Which approach works best depends on your needs and system. If your ESP doesn't contain any other bootloaders, the default EFI/BOOT/bootx64.efi filename usually works well. If you can boot your Linux installer in EFI mode and run efibootmgr, using another name may work.

A complete ELILO installation on the ESP will include at least four files:

  • elilo.efi or bootx64.efi: this file is the ELILO binary. You must copy it to the ESP from the ELILO package. (It's called elilo-{version}-{arch}.efi inside the main ELILO package file, where {version} is the version number and {arch} is an architecture code.)

  • elilo.conf: this is the ELILO configuration file, which I describe in more detail shortly.

  • A Linux kernel file: ELILO loads the Linux kernel from the ESP, so you normally place this file in the ELILO directory.

  • A Linux initial RAM disk file: ELILO loads this file, like the kernel, from the ESP.

You can store more than one kernel and initial RAM disk on the ESP if you want to have a choice of kernels or if you multiboot multiple distributions, each of which has its own kernel and initial RAM disk.

The ELILO configuration file's format is similar to that of LILO, the BIOS bootloader (Listing 1).

The first few lines of Listing 1 set global ELILO options:

  • prompt tells ELILO to show a prompt at boot time rather than to boot straight into the default kernel.

  • timeout=50 sets the timeout period to 5 seconds. Note that the timeout period is measured in tenths of a second.

  • default=kernel304 sets the default kernel to the one labeled kernel304. ELILO boots this kernel if the timeout period passes without a key press from the user.

  • chooser=textmenu sets the user interface style to a menu rather than a prompt at which you must type an entry. This option seems to be broken though; it's always produced a blank display for me, although it accepts key presses as I'd expect. Therefore, I've commented it out by placing a hash mark (#) at the start of its line.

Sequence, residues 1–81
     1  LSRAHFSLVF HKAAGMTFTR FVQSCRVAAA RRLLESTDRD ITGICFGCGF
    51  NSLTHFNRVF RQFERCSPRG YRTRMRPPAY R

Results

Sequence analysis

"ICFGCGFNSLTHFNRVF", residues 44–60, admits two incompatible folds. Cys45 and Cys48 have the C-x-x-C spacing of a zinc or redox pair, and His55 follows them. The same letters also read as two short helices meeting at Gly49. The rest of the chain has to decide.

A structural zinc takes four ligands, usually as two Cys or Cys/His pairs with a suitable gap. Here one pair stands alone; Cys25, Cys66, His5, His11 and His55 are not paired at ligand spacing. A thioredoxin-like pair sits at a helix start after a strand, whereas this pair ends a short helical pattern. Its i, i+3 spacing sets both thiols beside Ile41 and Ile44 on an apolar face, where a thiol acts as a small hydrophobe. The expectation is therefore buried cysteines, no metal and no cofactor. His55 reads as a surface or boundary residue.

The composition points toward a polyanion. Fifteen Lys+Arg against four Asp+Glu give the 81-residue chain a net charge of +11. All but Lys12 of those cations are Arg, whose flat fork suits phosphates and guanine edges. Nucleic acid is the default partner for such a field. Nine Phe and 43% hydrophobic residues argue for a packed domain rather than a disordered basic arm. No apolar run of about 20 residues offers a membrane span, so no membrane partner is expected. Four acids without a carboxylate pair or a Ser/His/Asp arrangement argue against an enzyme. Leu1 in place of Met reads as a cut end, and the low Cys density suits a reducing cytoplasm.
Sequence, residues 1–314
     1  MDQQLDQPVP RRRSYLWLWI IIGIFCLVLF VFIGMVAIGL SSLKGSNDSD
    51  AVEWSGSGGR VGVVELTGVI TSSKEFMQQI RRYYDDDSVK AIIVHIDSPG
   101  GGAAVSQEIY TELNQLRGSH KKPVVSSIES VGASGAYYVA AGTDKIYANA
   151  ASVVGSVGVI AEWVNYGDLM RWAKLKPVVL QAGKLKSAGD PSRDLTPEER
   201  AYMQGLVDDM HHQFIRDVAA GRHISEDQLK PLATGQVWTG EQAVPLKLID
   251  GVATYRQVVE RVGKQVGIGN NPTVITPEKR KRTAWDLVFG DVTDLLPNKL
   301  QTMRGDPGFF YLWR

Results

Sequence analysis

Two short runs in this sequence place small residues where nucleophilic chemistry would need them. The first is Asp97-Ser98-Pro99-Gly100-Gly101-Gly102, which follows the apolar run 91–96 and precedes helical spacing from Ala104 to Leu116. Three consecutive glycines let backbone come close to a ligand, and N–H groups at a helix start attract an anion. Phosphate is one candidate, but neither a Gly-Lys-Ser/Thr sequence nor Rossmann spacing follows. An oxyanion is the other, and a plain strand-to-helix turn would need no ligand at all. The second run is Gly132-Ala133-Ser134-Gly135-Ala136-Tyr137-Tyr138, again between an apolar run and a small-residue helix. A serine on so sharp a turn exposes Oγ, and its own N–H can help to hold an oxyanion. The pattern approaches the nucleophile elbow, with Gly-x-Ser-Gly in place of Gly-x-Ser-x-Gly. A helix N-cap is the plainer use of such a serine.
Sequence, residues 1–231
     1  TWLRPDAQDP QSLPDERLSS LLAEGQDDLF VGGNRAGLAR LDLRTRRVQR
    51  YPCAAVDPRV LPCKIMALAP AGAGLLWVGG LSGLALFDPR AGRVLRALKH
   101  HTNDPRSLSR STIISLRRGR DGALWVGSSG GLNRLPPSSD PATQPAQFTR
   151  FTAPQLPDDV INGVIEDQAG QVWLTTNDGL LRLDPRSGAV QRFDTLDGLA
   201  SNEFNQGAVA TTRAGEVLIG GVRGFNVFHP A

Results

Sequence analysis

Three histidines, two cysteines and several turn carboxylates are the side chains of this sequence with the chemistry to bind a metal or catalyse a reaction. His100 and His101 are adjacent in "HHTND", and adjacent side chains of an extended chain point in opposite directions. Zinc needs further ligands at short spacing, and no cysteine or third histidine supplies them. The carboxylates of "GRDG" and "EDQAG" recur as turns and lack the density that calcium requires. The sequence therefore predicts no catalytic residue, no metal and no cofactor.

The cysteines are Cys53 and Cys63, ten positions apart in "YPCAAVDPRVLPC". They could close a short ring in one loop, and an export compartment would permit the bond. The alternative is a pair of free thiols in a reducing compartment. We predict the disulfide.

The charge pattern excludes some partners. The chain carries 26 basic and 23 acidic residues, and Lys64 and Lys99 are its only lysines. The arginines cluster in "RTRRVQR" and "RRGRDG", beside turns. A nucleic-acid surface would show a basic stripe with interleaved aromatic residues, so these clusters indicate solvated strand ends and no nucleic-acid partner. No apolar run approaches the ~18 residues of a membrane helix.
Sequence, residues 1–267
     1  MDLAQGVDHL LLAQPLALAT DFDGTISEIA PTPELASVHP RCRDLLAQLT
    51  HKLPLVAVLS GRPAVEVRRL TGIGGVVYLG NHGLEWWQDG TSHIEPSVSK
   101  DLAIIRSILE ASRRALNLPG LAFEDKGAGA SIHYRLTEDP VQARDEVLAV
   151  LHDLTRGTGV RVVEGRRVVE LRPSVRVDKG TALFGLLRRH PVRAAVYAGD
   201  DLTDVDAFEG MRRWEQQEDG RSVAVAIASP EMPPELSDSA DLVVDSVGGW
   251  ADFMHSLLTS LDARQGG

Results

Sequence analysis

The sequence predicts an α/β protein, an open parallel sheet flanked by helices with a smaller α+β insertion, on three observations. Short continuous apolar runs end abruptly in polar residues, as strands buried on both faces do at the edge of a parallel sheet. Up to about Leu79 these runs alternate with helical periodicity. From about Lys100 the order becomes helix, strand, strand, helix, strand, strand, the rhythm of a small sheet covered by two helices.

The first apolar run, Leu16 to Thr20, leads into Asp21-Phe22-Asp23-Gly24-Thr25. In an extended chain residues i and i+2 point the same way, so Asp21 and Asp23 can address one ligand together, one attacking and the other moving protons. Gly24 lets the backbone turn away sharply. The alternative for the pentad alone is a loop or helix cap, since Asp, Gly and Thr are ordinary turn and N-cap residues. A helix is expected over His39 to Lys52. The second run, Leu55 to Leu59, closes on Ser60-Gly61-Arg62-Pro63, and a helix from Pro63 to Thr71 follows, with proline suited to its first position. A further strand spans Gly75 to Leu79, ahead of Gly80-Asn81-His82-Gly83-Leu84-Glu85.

Listing 1 presents two stanzas following the global options. Each stanza describes one kernel that ELILO can boot. Each stanza consists of several lines:

  • image= identifies the Linux kernel file, which normally appears in the same directory as the elilo.efi file.

  • label= gives the stanza a name. ELILO should display this name in its menu if you use the chooser=textmenu option, or you can type this name at the ELILO prompt when using the default option. The name must not contain spaces.

  • initrd= identifies the initial RAM disk file.

  • read-only is a standard part of the configuration.

  • root= identifies the Linux root (/) filesystem. Listing 1 shows a root filesystem on a Logical Volume Manager (LVM) configuration, but if you don't use LVM, you'll probably specify a regular device filename, such as /dev/sda3, or identify a device by UUID, as in root=UUID=c607bd95-8edf-4eb1-aa93-12db8f0e66a2.

  • append= enables you to add arbitrary kernel options. The first stanza in Listing 1 uses the reboot=a,w option, which works around problems on some systems that cause the computer to hang when rebooted. Many distributions use additional options to enable graphical boot displays or other features. You often can omit such options, but sometimes they're necessary for proper functioning.

If you copy the files into EFI/BOOT and rename elilo.efi to bootx64.efi, you may be able to reboot into ELILO. If you copy the files into another directory though, you may need to use the efibootmgr program to add ELILO to the ESP's list of bootloaders. This program will work only if the computer already is booted in EFI mode. You must type this command on the computer on which you want to use it; it stores data in the computer's NVRAM, not on the hard disk. To use it, you would type a command like the following:

efibootmgr -c -l \\EFI\\elilo.efi -L ELILO

This command adds the EFI/elilo.efi file to the EFI's bootloader list, using the menu name ELILO. Note that you must use a double backslash (\\) as a directory separator, and the filename is relative to the ESP. You can use additional efibootmgr commands to control the order of entries in the EFI's boot list, to delete items from the list and so on. (Part IV of this series will describe these options in more detail.)

If you're having problems booting your distribution's installer in EFI mode, you can set up ELILO on your hard disk, copying the kernel and initial RAM disk from the installer's disc image to the ESP and creating an elilo.conf file that references them. I've found such tricks to be very useful in the past, although as I'll describe in Part III, the latest round of distributions has greatly improved EFI support, so with any luck, you won't need to do this.

Once it's properly installed and booted, ELILO presents a simple prompt:

ELILO boot:

Press the Enter key to boot the default kernel, press the Tab key to see a list of options, or type an option name to boot it.

Next Time

Part III of this series covers OS installation using two methods: direct EFI installations and converting a BIOS-mode installation to boot in EFI mode.

Roderick W. Smith is a Linux consultant, writer and open-source programmer living in Woonsocket, Rhode Island. He is the author of more than 20 books on Linux and other open-source technologies, as well as of the GPT fdisk (gdisk, cgdisk and sgdisk) family of partitioning software.